Kenny Harris plein air painting Tophane fountain
Kenny Harris painting Tophane fountain

On plein air painting > Why travel and paint on location? It is difficult and cumbersome. It can, however, yield great rewards.

By Kenny Harris

I use location for inspiration. The big question in one’s painting career is how to keep the work fresh both for the artist and for the audience. As an artist, you must be constantly engaged with your work. If you are phoning it in, an astute viewer will sense it.

Working from life will always challenge you, and connect you to your subject. If you have to work from photos after the fact, any work you made on-site will be invaluable as a reference for colors and tones. There is also that intangible feeling of a place that you absorb while working from life on location. This can provide the motivation you need to finish the paintings in the studio.

I wrote this article from a small village in southern Tuscany. I went with my wife, artist Judy Nimtz, to gather inspiration for paintings, for both plein air and studio work.

Kenny Harris, "Tophane Fountain," 14 x 12 inches, Oil on panel, PLEIN AIR PAINTING
Kenny Harris, “Tophane Fountain,” 14 x 12 inches, Oil on panel

The Connection Between Painting and Travel

Even before I was an artist I associated painting with travel—perhaps because I discovered my favorite paintings overseas. The two were connected in my mind: Travel and Art. It was once part of a young artist’s path—to come to Italy to study the old masters, or in one’s maturity to interpret “exotic” or foreign experiences in one’s painting. Corot, Sargent, Velasquez, Turner . . . they all came to Italy. It was not just the masters in Rome and Florence, but also that “something different” that opened their eyes. The Orientalists and their audience were obsessed with the “exotic” Middle East.

Follow Your Brain

I’m often drawn to locations about which I have an intellectual interest as well as a visual interest. I had a great desire to visit socialist Cuba before Castro died, as well as to paint a crumbling Havana. Plenty of photographers go there to work, but not as many painters. I was drawn to Buenos Aires after the economic collapse, Istanbul as it teeters between European and Middle Eastern interests, and China with its ancient culture and current explosion of mixed socialism and capitalism.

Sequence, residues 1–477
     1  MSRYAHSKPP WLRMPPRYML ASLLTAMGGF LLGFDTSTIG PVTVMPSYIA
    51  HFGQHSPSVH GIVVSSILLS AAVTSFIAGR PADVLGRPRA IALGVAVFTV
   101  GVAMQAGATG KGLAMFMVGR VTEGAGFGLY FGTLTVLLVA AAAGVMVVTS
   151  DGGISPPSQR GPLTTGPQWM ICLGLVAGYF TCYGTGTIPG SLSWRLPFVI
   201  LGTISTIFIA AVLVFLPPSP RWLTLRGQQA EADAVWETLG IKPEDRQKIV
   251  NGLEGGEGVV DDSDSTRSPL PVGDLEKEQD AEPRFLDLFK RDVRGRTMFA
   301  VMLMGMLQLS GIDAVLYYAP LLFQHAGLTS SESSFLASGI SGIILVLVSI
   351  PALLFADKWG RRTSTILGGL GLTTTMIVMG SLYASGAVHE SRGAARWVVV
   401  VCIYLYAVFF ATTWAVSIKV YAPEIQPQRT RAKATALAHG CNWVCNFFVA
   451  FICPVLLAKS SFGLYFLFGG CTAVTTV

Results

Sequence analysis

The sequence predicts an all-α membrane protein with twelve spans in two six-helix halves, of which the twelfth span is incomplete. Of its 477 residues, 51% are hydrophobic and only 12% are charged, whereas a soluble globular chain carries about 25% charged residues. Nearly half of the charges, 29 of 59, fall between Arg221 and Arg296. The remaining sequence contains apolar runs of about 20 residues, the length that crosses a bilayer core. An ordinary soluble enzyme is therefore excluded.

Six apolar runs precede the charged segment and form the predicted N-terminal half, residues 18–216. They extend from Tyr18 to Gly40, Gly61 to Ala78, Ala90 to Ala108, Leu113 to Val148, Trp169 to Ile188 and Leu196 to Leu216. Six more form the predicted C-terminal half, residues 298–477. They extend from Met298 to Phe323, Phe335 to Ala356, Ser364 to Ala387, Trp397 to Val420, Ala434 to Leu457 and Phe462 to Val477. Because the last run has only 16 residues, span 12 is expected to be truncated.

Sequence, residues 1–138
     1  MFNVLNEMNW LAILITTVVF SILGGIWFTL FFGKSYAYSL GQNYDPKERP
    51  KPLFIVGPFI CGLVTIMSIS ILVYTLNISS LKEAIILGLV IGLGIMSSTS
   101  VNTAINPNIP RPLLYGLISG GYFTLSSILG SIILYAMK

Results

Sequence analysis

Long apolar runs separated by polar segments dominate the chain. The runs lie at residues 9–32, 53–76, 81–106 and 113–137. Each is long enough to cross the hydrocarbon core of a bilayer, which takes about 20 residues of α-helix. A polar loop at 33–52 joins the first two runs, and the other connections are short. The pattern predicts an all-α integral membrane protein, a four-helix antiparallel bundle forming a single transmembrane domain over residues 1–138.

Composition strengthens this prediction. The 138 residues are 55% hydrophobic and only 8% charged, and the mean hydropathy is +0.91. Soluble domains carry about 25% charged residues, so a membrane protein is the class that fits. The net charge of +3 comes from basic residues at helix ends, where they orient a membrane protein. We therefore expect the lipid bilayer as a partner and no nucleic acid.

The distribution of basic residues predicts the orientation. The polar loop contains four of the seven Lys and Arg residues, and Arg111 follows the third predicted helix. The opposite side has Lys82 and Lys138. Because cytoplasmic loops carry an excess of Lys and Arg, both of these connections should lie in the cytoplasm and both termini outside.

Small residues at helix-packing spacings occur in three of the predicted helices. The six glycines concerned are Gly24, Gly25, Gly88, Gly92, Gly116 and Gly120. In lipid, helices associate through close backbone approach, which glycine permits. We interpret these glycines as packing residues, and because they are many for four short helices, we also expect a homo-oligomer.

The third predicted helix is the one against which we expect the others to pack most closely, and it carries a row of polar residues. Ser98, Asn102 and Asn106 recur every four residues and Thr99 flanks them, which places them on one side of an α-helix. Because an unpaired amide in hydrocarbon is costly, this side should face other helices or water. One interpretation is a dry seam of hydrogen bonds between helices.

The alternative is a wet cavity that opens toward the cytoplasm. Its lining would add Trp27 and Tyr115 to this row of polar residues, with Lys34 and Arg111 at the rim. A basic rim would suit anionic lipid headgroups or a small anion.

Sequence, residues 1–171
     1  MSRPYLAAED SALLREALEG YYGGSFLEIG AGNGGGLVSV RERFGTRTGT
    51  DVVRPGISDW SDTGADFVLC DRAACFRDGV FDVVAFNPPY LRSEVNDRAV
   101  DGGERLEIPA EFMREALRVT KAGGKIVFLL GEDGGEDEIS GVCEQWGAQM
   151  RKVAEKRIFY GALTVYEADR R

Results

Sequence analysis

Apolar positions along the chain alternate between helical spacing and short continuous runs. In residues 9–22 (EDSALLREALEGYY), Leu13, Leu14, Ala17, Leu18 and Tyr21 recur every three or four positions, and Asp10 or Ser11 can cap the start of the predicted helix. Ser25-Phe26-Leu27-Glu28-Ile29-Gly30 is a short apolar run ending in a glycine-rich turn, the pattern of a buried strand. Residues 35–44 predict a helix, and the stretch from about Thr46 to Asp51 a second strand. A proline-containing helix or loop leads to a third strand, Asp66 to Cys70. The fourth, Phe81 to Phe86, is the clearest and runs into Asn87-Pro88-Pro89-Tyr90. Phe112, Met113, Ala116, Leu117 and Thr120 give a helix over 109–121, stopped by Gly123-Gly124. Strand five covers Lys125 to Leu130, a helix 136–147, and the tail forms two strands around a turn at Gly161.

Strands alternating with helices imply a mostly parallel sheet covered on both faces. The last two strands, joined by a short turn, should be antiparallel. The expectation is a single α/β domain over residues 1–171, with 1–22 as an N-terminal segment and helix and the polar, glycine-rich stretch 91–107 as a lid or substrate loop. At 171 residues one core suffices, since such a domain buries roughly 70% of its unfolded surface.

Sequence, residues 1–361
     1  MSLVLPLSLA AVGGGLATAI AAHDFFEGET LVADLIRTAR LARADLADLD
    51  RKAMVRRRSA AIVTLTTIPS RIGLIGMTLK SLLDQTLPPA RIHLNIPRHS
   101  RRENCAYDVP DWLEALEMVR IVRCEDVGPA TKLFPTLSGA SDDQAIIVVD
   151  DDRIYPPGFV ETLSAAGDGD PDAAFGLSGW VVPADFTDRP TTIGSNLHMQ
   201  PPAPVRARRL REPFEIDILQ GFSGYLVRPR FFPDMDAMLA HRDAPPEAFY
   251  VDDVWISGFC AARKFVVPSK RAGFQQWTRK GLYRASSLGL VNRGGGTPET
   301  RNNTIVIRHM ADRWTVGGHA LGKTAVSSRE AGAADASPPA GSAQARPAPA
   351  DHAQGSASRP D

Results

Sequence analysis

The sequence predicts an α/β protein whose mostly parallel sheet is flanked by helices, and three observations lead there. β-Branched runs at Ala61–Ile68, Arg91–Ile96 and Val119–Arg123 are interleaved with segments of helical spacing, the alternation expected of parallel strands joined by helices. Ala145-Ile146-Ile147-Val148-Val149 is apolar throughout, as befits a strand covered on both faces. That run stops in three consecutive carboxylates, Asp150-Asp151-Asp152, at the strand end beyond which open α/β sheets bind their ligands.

I also return to Italy and France—places of personal artistic awakening. These countries visually inspire, they are places of great artistic learning, and as a painter one feels connected there to a long tradition.

When I moved to New York, my work was mostly about New York. When I moved to LA, I started making work about LA. After a while in one place I start looking for that fresh eye, that certain condition that will result in a good painting. It is sometimes easier to find this away from one’s day-to-day life—hence the plein air painting trips.

Drawing for "Lijiang"
Drawing for “Lijiang”
plein air painting Study for "Lijiang"
Study for “Lijiang”
Kenny Harris, "Lijiang," 48 x 72 inches, Oil on linen, plein air painting
Kenny Harris, “Lijiang,” 48 x 72 inches, Oil on linen

Tips for Plein Air Painting While Traveling

So let’s get down to the nitty-gritty—how to travel and work efficiently with good results. All artists have their own tricks and opinions; these, of course, are just mine.

When traveling I make small oil sketches (studies) and also take photos—lots of photos, with bracketing. To work out composition, I sometimes make quick ink drawings as well. I then use these sketches and photos to create larger paintings back at my studio in Venice, California.

If I only have a photo to work from, I will do a small oil study, making decisions as if I were in the field, with urgency and deliberate marks. Obviously, it is easier to get the desired composition and color harmonies resolved in a small painting.

Canvas vs. Panel

An age-old debate. For smaller work I prefer panel.

I make my panels out of birch ply. There are great art panels out there, but I have never found one I like as much as my own. I gesso it with Nova Color acrylic gesso with no fewer than six coats. The first two coats are just white from the container, but for the last few I tint the gesso with a neutral grey/green ground color, and start applying the final coats with a putty spatula, sanding a bit in between. I’m trying to quiet the surface, and with the spatula I can fill depressions.

The last step is to use a wet sanding sponge so I can achieve a very smooth, slippery surface. A sanding sponge can take off quite a bit of gesso—if I see any sign of the original white gesso poking through, I know I can’t sand anymore in that area. As a last step I’ll rub in just a bit of yellow ochre and/or burnt sienna with a touch of turpy medium so it achieves a bit of glow, and will quench some of the thirst of acrylic gesso.

Canvases I stretch over panel and prep with either oil ground or acrylic gesso sanded back to quiet the tooth of the canvas.

It is all labor intensive—this prep work takes time. But I’ve found it cuts my painting time down considerably to have these smooth, richly toned surfaces pre-prepared. For oil sketching on location, time can be very short—light conditions or other time constraints mean your materials have to respond quickly to your needs. With a quiet surface, your paint sits up, and you can easily and effortlessly go from thin transparent paint to juicy impasto in the same panel.